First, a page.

3M Faces Potentially Billions in Liabilities Over $7.63 Earplugs

Jun 26, 2022

Company to begin court-ordered settlement talks over military earplugs, following lawsuits by thousands of veterans

More than 100,000 U.S. military veterans have filed lawsuits against Minnesota-based 3M over hearing damage linked to what they claim are defects in the company’s military-grade earplugs. The company faces billions of dollars in potential costs from legal settlements or trials after soldiers alleged they returned from war with hearing damage due to the earplugs, which the government bought for around $7.63 a pair.

3M is set to begin court-ordered negotiations next month with lawyers representing soldiers who used the earplugs. The lawsuits are weighing on 3M shares, analysts said, and signal a warning to other manufacturers that liability risks may outweigh the gains from making protective products.

Earplug cases from across the country, involving dozens of lawyers, have been consolidated into a multidistrict litigation based in Florida. There are currently around 107,000 active cases and an additional 127,000 cases that could move over to the active list if filing fees are paid and other steps are taken.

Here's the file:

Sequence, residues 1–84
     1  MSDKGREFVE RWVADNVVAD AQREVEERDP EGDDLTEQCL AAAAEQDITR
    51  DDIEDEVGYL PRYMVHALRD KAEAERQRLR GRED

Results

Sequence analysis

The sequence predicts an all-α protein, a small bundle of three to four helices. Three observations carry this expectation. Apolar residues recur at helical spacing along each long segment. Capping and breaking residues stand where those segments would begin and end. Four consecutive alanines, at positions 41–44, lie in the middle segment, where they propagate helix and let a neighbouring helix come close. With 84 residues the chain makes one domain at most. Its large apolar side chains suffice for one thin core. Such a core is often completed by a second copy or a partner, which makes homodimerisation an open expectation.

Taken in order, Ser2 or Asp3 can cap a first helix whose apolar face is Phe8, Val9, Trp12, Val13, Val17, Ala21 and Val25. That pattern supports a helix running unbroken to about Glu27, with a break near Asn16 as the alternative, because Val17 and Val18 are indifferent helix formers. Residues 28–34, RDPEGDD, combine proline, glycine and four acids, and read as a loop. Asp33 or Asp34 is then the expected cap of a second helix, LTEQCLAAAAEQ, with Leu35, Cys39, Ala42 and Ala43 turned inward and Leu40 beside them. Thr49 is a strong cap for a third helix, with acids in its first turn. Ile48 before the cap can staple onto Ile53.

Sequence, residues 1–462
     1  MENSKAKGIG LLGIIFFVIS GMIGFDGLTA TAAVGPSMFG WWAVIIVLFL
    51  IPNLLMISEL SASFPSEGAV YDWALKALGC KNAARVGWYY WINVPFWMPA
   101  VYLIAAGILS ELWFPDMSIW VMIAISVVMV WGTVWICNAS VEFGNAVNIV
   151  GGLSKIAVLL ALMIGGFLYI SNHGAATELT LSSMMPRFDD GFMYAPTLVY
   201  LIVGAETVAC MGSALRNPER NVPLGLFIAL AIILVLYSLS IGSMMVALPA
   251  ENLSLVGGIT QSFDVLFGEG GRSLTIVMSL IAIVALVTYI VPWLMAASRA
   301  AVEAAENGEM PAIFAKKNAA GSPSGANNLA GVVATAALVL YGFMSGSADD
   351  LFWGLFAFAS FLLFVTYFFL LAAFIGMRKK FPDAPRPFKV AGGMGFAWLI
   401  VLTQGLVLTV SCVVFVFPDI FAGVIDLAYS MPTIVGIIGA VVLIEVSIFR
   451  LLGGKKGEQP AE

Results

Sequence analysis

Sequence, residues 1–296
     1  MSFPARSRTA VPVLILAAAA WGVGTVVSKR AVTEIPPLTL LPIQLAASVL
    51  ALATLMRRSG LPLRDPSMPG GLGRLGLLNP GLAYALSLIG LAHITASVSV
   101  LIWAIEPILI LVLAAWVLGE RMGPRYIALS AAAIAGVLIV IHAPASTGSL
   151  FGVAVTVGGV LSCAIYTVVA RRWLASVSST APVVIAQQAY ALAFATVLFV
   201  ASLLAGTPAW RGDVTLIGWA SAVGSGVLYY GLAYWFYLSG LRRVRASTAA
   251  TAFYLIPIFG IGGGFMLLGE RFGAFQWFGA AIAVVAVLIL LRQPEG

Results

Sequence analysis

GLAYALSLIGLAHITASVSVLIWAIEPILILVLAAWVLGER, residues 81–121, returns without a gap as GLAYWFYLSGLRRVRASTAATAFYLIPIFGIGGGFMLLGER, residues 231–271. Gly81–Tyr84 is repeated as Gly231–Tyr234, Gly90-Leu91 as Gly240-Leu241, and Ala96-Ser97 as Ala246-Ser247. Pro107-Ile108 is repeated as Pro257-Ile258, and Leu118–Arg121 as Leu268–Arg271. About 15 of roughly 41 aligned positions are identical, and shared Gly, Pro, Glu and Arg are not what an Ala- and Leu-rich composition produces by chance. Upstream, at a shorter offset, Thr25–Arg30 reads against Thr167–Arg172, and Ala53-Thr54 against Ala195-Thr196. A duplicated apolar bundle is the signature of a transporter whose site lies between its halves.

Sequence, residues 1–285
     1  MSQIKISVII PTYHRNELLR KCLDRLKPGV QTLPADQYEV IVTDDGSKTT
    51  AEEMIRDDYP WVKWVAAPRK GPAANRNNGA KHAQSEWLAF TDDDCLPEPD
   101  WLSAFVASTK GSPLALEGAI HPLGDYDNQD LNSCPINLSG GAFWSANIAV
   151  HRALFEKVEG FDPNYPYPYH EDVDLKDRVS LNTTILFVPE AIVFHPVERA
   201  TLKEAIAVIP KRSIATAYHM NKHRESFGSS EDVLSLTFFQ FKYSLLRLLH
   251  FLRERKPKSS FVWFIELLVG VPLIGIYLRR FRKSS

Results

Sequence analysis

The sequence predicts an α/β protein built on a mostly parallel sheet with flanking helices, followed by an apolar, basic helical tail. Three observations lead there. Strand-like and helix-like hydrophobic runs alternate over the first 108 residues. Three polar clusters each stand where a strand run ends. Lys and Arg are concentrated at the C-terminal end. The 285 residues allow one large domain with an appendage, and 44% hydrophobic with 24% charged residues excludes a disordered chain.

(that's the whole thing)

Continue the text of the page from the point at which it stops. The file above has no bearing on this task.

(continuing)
3M said the earplugs work when soldiers are given proper training and use them as intended. The company also claimed it has a legal protection known as a government contractor defense, meaning that a supplier can’t be held liable for manufacturing a product that the government requested.

Eric Rucker, a 3M attorney, said the military is continuing to use newer versions of the 3M earplugs. “The product does work,” he said. “It was designed based on our collaboration with the military.”

Bryan Aylstock, the court-appointed lead lawyer for the plaintiffs, said soldiers have hearing damage and ringing in the ears, known as tinnitus, after using the product. “This is a bad earplug,” he said. “Most juries look at the evidence and they award significant damages.”

Soldiers are given a hearing exam when they first join the military and annual exams afterward, which allows their hearing damage to be documented. At issue in the cases is whether soldiers’ hearing issues are due to allegedly faulty earplugs, not wearing them enough, or something else entirely.

The lawsuits, which also include a smaller number of consumers and police plaintiffs, started after 3M settled a case with the Justice Department. In July 2018, 3M agreed to pay $9.1 million to the U.S. government to resolve allegations that it knowingly sold the earplugs to the military without disclosing defects. 3M denied any wrongdoing or liability.

Earlier this year, 3M appealed the ruling of a federal judge in Florida that the contractor defense doesn’t apply because the military didn’t offer reasonably precise specifications for the product. The U.S. Chamber of Commerce has supported 3M’s appeal, saying that weakening of the contractor defense could deter companies from making products for the military.

Read the full article at the Wall Street Journal